Tucker paints a picture of how the world changes as the terrorist attacks unfold, the school security becomes paramount, and the students whose parents serve live in constant terror of deployment and possible death. The author befriends a nine year old girl named Sami, who loves soccer and becomes the team “stud.” He suffers with her every time her father is called away. After Elliot leaves Korea and moves to teach in Germany, he meets Sami’s best friend from the states. Her name is Angel; she seeks the support of her new teacher and brings with her a multitude of new crises as her family becomes embroiled in emotional and physical terror.

The author attempts to exert the full force of his will to sincerely help these two families, but always seems to fall short when he is needed most. Circumstances seem to conspire to prevent him from fulfilling what he believes to be his obligations. This book is a must read for teens and adults who want to experience how the world indeed changed after 911. As one who lived a few miles from the World Trade Center, I can never adequately relay the feelings of helplessness and loss while waiting to hear the news of survivors. I watched the faces of children who waited to hear if their parents made it home from Manhattan that day; and myself grieved with others who lost friends and family. I would recommend this book to all military families, teachers, and parents who are looking for a way to understand in some small part the sacrifices of all those who serve our country and protect our communities.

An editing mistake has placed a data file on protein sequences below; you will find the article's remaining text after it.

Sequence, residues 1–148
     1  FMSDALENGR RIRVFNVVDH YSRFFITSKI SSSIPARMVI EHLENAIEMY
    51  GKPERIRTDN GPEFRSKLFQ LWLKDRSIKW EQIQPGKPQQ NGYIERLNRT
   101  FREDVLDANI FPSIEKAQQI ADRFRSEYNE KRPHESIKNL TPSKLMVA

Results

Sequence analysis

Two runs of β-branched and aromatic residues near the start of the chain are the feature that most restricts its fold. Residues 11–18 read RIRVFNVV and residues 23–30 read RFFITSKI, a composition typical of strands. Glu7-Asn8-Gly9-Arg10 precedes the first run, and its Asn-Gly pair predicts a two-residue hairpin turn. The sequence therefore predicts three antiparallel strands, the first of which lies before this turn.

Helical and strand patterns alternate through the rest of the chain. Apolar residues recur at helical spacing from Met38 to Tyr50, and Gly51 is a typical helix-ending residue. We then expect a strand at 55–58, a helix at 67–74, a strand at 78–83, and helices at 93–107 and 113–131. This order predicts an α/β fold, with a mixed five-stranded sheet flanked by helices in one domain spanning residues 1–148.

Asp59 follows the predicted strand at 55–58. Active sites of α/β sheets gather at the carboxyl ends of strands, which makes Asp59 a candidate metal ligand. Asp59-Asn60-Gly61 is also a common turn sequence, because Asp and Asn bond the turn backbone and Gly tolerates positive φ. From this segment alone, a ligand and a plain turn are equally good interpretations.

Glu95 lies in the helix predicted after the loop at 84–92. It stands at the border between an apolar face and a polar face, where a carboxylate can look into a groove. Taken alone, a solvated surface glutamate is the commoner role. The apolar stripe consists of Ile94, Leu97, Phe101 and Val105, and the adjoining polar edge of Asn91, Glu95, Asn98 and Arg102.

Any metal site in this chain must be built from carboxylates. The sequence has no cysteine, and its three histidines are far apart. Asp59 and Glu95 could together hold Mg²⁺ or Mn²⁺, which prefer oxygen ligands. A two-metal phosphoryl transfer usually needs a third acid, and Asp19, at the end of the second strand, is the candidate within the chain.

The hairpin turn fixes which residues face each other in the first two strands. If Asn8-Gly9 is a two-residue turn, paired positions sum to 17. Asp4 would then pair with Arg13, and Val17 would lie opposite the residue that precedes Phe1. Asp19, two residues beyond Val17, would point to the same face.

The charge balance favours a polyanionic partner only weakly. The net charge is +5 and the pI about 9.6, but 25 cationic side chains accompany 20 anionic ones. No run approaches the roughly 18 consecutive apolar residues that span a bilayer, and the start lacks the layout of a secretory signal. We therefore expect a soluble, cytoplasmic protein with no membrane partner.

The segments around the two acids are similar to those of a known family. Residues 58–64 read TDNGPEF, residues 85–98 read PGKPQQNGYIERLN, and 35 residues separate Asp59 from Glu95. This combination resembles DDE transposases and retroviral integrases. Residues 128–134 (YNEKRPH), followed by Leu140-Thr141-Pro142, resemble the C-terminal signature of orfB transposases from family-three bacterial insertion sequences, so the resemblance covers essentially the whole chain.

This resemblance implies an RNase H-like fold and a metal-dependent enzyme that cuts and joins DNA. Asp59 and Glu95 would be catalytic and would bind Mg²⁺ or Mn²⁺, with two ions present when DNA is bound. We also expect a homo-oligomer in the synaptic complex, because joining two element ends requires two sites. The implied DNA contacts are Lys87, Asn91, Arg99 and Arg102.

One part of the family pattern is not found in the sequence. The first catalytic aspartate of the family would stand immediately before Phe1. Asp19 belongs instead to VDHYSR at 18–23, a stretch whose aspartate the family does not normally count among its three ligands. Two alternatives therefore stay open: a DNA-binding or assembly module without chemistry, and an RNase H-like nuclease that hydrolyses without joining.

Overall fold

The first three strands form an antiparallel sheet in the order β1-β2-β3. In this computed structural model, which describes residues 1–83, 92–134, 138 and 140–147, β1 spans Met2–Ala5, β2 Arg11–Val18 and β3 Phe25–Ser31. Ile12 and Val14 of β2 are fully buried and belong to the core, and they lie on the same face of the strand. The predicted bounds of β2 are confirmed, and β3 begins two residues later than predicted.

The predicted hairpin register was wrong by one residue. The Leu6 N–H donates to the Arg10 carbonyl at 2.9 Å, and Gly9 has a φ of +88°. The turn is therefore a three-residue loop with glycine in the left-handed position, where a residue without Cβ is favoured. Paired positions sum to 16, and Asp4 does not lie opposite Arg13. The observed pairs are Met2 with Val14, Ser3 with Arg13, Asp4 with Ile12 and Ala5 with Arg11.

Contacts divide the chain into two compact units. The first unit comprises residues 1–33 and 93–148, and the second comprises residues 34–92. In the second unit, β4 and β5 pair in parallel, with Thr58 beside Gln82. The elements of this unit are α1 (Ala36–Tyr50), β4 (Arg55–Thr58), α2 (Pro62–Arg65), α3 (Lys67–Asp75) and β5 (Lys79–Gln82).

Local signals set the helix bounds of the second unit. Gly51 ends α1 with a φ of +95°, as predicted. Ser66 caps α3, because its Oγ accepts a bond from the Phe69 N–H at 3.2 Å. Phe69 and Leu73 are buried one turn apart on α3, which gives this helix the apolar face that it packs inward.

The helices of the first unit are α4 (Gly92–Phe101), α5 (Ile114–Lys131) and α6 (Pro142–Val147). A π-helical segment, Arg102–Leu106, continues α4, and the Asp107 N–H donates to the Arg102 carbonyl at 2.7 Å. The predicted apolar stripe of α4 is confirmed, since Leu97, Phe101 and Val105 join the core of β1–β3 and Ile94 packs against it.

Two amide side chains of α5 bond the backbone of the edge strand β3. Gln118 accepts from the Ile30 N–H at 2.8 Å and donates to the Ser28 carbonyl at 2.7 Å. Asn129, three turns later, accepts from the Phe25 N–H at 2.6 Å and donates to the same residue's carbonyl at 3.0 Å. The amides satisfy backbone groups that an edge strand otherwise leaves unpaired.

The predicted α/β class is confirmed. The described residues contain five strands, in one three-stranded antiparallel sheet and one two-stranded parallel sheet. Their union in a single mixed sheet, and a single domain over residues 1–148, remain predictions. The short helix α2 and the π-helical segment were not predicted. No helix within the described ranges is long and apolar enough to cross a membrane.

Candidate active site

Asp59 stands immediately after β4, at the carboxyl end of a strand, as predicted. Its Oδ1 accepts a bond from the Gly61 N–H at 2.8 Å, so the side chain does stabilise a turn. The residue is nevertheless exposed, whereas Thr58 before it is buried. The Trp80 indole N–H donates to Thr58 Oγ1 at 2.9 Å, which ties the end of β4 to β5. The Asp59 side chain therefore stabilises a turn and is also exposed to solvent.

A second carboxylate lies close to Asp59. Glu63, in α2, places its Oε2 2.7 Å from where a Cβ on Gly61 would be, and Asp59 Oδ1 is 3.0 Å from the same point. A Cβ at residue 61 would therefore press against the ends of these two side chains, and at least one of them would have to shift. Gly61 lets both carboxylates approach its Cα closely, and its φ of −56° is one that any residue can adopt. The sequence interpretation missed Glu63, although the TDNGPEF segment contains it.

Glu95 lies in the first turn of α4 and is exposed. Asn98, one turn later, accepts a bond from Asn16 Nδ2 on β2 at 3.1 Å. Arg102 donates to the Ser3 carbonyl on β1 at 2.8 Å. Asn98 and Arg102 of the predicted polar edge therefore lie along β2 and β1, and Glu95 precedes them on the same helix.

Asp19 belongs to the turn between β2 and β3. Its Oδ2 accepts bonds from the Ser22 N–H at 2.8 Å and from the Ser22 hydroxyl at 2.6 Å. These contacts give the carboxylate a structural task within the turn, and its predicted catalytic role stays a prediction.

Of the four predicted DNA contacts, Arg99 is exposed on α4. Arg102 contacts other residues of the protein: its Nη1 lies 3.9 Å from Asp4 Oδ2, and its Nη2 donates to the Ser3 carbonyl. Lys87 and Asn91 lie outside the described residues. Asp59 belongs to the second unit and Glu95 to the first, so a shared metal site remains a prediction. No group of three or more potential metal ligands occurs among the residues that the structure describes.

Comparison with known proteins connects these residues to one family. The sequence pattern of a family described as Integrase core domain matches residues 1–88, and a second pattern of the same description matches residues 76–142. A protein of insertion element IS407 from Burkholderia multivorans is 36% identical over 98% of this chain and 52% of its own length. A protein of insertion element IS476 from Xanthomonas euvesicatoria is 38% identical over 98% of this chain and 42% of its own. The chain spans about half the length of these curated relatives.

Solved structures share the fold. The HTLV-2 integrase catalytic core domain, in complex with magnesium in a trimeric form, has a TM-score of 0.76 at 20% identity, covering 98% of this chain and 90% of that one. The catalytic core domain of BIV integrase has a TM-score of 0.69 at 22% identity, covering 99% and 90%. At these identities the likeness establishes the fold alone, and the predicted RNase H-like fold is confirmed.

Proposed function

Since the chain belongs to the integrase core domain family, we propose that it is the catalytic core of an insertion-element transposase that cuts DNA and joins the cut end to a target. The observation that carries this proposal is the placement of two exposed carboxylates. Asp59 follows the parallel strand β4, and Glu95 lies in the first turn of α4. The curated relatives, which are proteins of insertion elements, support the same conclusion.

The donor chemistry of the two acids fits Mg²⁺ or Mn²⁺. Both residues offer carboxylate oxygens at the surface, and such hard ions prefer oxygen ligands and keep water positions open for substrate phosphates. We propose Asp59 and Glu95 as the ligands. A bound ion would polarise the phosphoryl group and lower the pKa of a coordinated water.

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MICKEY’S MAGIC

Walt Disney: Saving America’s Lost Generation

Written by R.H. Farber
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I thought I knew quite a bit about Mickey Mouse and the Mickey Mouse Club TV show that I enjoyed watching on TV while growing up in the fifties. Turns out, the Micky Mouse Club involved a lot more than the TV show, and its origin happened quite by accident.

Back in 1927, the young Walt Disney signed a one year contract with Universal Pictures to do animated films with his new creation, Oswald the Rabbit. After the contract expired, Walt learned that he had been misled. A loophole in the contract gave Universal full ownership of the character. To make matters worse, the studio had stealthily hired Walt’s best animators so they could continue making the cartoon. Walt refused to deal with the studio and developed a new character, a mouse named Mortimer. His wife encouraged him to change the name to Mickey, and so the soon to be famous character was born. When Disney decided to produce his third Mickey cartoon, Steamboat Willie with sound, it met with rave reviews.